When asked by reporters about the affair, Wahid declined to comment, "Why should you bother to report it? Who is that woman?" he asked.
Other newspapers did not report the allegation until the police summoned Sitepu on the charge of slander. At this point, editors argued that the private affair had entered the public sphere.
"The person involved here used his own money, not public money. If he had used public money, the case would be different, the story would have to be reported and the case would have to be questioned on the grounds that the public interest was corrupted," said Atmakusumah Astraatmadja.
Meanwhile, democratization in Indonesia has also opened up the media market to foreign players. International newspapers such as the International Herald Tribune and the Asian Wall Street Journal began printing in Jakarta. They are still printed in English, unlike women’s magazines like Cosmopolitan, Female, Seventeen or Her World. These magazines set up their own editorial offices in Indonesia, translated most of their stories into Indonesia-styled Malay language, ranging from gossip columns to articles on how to improve your sex life, and now publish their own Indonesian edition.
What about the economic crisis? What about political instability in Indonesia? Isn’t it bad? Doesn’t the rupiah keep on fluctuating? Also, President Wahid is widely considered a controversial leader, making erratic decisions and allegedly being involved in two financial scandals.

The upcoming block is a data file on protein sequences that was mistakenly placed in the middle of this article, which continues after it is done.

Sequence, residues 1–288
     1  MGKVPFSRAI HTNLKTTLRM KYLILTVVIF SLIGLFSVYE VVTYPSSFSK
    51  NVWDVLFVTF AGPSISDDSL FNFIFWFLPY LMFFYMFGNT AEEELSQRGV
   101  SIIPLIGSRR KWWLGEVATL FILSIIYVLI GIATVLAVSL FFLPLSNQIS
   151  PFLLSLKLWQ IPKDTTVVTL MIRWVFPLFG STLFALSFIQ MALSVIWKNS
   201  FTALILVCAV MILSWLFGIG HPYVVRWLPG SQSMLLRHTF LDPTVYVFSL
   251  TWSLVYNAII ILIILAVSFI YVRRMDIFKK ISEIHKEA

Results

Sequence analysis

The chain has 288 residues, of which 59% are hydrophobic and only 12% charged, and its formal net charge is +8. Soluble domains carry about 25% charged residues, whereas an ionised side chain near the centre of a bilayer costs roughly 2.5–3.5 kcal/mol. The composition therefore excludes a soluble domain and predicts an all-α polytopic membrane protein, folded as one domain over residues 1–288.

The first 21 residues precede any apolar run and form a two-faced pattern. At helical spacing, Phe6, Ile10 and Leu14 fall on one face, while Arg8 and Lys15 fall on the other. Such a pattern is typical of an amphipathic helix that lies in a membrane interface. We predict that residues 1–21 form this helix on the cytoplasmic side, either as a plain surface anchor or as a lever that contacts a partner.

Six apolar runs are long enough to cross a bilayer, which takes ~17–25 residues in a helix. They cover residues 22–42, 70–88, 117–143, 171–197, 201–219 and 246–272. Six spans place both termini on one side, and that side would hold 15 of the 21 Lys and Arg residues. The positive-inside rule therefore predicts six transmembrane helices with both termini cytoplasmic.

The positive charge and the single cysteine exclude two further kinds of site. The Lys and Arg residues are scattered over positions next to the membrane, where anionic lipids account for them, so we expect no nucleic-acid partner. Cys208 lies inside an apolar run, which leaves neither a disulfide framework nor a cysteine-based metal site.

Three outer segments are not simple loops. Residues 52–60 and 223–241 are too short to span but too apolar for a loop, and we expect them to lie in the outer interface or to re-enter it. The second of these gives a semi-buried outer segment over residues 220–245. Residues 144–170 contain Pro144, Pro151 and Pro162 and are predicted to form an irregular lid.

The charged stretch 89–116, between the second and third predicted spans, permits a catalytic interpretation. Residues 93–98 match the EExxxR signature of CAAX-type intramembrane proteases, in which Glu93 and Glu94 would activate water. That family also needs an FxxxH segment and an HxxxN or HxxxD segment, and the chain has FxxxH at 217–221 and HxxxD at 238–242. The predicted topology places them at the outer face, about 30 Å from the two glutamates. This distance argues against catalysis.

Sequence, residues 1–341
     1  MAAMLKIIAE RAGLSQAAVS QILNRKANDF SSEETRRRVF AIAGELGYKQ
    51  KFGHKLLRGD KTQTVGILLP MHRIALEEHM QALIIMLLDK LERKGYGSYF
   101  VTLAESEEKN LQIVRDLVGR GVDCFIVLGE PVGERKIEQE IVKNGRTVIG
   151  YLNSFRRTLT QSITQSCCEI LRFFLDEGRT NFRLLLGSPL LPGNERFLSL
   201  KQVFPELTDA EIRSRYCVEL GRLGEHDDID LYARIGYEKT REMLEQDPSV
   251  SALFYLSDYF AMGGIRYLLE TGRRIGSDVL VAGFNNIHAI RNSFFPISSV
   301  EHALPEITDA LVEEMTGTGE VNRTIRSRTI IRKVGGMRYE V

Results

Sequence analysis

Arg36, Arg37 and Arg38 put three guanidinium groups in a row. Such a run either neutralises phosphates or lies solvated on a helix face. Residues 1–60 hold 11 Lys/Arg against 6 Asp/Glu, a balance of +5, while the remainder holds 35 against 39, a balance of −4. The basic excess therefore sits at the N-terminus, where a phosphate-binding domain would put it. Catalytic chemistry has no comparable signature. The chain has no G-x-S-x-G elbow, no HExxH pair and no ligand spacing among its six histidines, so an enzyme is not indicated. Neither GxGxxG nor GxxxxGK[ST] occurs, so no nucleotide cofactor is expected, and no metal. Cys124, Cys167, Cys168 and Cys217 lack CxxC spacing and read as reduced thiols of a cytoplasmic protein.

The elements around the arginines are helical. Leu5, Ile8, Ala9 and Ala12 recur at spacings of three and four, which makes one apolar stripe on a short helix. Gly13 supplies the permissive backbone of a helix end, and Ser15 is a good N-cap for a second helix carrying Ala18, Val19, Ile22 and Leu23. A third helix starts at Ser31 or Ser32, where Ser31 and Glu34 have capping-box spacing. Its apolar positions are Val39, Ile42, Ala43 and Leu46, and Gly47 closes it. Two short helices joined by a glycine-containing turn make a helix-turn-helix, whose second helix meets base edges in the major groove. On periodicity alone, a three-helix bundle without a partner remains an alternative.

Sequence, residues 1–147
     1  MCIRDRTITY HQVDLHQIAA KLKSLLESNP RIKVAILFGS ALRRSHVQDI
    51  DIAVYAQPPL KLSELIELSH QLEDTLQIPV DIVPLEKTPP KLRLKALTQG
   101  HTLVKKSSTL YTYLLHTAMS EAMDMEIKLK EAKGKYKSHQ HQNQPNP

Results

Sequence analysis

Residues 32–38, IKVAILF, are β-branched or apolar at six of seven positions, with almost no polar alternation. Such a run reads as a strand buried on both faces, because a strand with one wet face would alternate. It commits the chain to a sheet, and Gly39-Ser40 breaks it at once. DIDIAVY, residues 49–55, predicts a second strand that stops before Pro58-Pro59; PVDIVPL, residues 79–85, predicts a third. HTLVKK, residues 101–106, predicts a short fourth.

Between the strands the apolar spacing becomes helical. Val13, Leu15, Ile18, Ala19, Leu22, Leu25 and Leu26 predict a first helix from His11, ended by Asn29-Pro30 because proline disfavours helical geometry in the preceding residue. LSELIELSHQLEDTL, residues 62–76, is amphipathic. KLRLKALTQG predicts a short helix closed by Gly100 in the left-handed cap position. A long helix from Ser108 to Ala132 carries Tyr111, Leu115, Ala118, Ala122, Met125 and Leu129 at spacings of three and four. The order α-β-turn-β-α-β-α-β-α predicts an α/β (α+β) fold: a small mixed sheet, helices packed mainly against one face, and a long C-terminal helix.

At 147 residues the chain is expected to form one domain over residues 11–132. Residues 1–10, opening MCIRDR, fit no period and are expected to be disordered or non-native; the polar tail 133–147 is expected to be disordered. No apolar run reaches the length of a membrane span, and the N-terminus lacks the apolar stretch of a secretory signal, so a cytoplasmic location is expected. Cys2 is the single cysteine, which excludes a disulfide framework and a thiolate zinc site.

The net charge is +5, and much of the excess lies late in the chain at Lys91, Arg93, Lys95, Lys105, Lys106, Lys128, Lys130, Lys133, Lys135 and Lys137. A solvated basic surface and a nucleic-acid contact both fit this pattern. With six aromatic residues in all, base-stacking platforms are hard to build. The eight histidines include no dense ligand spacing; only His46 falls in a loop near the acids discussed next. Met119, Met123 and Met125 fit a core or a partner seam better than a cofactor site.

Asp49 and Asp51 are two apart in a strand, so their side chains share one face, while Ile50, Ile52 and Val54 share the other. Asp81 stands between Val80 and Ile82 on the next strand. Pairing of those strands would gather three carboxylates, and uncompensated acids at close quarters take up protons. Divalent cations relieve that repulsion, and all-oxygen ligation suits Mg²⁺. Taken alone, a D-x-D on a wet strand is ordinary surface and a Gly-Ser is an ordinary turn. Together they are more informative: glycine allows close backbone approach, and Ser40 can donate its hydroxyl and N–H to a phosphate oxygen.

Despite these problems, expatriate journalists see Indonesia as a land of opportunity. The Indonesian market is simply too large to be ignored. More than 250 million people in Indonesia, Malaysia, Brunei, Singapore and parts of Thailand and Cambodia speak the Malay language. Nonetheless, Indonesian-language media companies usually end up burning a lot of money before they can establish any sort of brand-name recognition. Many local newspapers have been forced to shut down shop a year or two after entering the market.
In Jakarta there is currently a fierce newspaper war between Kompas, whose daily circulation is around 600,000, and a newcomer, Koran Tempo, which is published by Indonesia’s leading magazine Tempo.
Tempo is the name of a weekly magazine founded by Goenawan Mohamad, who is also known as a poet, in 1971 when Goenawan and his friends were still very young. It became a major magazine in the 1980s and famous worldwide when President Suharto banned it in 1994. Goenawan, however, refused to be scared and challenged the ruling. He won at a local and a high court. But the Supreme Court ruled in favor of its boss: Suharto.
Tempo was republished five months after the fall of Suharto. But the 60-year-old Goenawan soon retired, saying: "I want to write my opera." His successor, Bambang Harymurti, decided that the magazine was too small to allow for growth of the company. Harymurti suggested that they publish a daily newspaper, which hit the streets in April 2001.
It is perhaps still too early to predict what light the Indonesian media will see at the end of the tunnel. Some say Indonesia will become the Yugoslavia of Asia, torn by ethnic conflicts and separatism. Others believe that the country’s problems are still manageable, and that it will survive in one piece—though perhaps a little bit smaller. Meanwhile, the Indonesian media will continue to play a critical role in seeking answers to many questions. ***
Andreas Harsono is the editor of Pantau magazine.